Tidal energy specialist Nova Innovation said they were the first offshore tidal turbines in the world to deliver electricity to the grid.

    Two 100kW turbines have been installed so far in the Shetland Tidal Array at Bluemull Sound.

    The blades for the turbines were made by Shetland Composites.

    Edinburgh-based Nova Innovation said tidal energy was a “long-term source” of predictable renewable power, with the turbines generating to full power across all tidal conditions.

    Simon Forrest, managing director of Nova Innovation, said: “We are absolutely delighted to be the first company in the world to deploy a fully operational tidal array.”

    Mr Forrest said the deployment of the second turbine showcased the technology.

    The UK Carbon Trust estimates a £126bn global tidal energy market could be developed by 2050.

    WWF Scotland said the turbines were another “major milestone” on Scotland’s journey to becoming a “fully renewable nation”.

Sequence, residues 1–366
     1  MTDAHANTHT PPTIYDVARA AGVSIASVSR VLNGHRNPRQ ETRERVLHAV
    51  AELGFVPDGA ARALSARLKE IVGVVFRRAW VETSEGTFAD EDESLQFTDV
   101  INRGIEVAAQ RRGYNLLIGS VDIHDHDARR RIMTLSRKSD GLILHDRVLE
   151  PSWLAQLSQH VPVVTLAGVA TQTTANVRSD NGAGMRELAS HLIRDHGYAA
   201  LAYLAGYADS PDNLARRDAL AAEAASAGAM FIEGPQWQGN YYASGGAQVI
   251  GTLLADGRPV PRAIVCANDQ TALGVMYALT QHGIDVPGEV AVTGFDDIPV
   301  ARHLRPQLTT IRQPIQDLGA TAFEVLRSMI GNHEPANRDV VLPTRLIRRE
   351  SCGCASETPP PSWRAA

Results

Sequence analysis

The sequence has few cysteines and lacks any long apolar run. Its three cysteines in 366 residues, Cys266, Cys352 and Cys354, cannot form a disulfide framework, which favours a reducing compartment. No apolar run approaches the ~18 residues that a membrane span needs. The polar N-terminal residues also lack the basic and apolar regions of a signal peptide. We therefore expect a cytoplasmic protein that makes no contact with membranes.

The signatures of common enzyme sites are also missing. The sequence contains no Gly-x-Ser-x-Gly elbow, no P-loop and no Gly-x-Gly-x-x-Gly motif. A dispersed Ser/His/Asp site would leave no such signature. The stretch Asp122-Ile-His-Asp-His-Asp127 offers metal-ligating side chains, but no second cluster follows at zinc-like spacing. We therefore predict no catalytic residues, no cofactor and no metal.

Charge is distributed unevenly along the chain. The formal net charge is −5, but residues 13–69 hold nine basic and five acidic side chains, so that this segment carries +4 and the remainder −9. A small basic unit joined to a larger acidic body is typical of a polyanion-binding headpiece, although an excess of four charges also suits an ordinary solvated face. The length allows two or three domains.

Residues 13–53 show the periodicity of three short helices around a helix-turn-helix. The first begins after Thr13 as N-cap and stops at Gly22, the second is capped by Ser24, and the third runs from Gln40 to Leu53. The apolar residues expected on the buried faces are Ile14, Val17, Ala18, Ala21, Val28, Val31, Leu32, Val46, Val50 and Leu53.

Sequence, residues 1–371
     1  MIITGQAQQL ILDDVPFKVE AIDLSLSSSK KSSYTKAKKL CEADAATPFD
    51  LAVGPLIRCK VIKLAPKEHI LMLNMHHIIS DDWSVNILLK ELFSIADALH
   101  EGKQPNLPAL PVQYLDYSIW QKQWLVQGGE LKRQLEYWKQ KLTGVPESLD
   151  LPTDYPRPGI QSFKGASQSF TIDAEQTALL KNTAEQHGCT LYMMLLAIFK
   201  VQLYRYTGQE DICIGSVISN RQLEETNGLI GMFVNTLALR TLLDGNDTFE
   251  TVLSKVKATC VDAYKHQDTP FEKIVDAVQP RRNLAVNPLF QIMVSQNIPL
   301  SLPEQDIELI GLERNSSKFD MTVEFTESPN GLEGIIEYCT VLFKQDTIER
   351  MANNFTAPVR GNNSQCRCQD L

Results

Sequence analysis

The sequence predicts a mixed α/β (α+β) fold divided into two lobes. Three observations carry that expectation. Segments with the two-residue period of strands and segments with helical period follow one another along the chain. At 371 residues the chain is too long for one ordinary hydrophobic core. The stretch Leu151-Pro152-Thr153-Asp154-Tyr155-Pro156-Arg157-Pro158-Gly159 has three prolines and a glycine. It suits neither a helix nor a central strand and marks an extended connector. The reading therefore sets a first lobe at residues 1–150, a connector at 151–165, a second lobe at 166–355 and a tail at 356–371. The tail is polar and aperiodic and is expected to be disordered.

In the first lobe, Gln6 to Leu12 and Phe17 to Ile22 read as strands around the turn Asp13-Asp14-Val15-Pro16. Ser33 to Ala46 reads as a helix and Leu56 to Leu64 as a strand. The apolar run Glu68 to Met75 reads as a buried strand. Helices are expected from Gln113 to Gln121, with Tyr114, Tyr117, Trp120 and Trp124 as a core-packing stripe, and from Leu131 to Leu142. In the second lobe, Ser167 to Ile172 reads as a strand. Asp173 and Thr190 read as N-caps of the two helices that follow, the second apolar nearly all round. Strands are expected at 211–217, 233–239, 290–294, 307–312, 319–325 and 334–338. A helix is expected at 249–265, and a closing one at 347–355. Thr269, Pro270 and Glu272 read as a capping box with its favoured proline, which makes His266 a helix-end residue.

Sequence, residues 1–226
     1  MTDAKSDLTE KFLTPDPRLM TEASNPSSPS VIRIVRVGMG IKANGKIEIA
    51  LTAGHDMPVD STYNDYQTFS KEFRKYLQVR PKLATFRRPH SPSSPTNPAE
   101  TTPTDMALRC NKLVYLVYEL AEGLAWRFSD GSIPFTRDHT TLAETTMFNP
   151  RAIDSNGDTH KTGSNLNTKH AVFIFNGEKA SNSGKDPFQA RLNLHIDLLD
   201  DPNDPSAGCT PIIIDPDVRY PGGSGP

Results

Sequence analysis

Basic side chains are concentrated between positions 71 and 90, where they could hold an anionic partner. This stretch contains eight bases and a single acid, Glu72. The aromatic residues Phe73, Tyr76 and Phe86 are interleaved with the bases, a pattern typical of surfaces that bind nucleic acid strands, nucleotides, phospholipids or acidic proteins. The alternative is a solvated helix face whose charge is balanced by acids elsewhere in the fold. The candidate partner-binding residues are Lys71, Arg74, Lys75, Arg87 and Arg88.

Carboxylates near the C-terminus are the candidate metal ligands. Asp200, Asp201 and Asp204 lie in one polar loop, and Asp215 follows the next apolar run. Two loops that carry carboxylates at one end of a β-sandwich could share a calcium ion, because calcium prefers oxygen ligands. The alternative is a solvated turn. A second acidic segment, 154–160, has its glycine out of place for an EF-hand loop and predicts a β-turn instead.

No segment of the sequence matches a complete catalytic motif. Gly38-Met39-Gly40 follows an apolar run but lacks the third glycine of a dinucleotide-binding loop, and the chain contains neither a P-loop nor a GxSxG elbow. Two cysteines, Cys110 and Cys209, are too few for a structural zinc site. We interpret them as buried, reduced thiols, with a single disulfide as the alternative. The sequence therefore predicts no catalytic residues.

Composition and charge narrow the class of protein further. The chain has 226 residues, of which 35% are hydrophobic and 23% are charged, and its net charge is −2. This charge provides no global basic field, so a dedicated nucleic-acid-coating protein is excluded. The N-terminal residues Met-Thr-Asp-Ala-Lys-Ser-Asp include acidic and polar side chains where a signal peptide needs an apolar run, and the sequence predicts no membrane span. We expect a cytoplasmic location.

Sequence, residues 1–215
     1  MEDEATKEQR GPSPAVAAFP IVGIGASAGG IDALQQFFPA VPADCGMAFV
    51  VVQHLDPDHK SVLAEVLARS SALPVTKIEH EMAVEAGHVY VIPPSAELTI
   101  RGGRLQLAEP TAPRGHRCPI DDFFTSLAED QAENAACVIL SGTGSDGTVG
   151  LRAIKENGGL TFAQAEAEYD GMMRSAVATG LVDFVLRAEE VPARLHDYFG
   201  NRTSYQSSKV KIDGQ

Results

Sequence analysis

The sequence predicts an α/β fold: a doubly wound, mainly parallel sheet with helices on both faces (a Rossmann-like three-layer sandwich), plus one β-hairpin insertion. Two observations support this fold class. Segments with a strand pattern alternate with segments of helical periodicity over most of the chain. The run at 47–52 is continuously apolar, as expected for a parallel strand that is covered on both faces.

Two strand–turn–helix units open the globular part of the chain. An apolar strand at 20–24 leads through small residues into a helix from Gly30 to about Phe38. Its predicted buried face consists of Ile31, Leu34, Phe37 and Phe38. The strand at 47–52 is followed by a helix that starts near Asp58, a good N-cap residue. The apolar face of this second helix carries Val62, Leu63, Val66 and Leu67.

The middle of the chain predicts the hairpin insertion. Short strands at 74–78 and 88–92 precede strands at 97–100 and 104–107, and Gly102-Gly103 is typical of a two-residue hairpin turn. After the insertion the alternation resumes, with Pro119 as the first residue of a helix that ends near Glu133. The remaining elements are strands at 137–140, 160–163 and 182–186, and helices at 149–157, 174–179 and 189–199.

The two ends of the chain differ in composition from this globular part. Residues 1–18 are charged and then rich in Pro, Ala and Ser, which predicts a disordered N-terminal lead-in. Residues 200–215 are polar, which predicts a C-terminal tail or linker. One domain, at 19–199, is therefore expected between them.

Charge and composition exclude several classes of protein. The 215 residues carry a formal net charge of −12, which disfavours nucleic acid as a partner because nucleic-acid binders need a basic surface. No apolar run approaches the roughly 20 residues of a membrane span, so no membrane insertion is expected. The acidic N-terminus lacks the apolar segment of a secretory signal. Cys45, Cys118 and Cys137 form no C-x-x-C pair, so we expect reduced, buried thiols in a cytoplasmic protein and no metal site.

The charity’s director in Scotland, Lang Banks, added: “With some of the most powerful tides in Europe, Scotland is well placed to lead in developing this promising technology, which will help to cut climate emissions and create green jobs right across the country.”

    Jenny Hogan, director of policy at Scottish Renewables, said: “Scotland is already at the forefront of capturing power from the tides and waves, and Nova’s latest news demonstrates that lead is well-deserved.

    “The country is already home to some of the most advanced marine energy technologies anywhere, as well as the European Marine Energy Centre: arguably the most advanced marine energy proving site in the world.



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  • Pinball1970 #6
    Aug 24, 2016 at 8:12 am

    US elections have prompted the BBC feature a few items on how Obama’s term has affect coal production leading some pit closures.

    Bad news for coal but better news for sustainable energy.

    http://www.bbc.co.uk/news/world-asia-china-37265541
    Signing up to cut emissions means China will have to move away from coal power
    China’s top legislature has ratified the Paris global climate agreement, state news agency Xinhua reports.

    The country is the world’s largest emitter of harmful CO2 emissions, which cause climate change.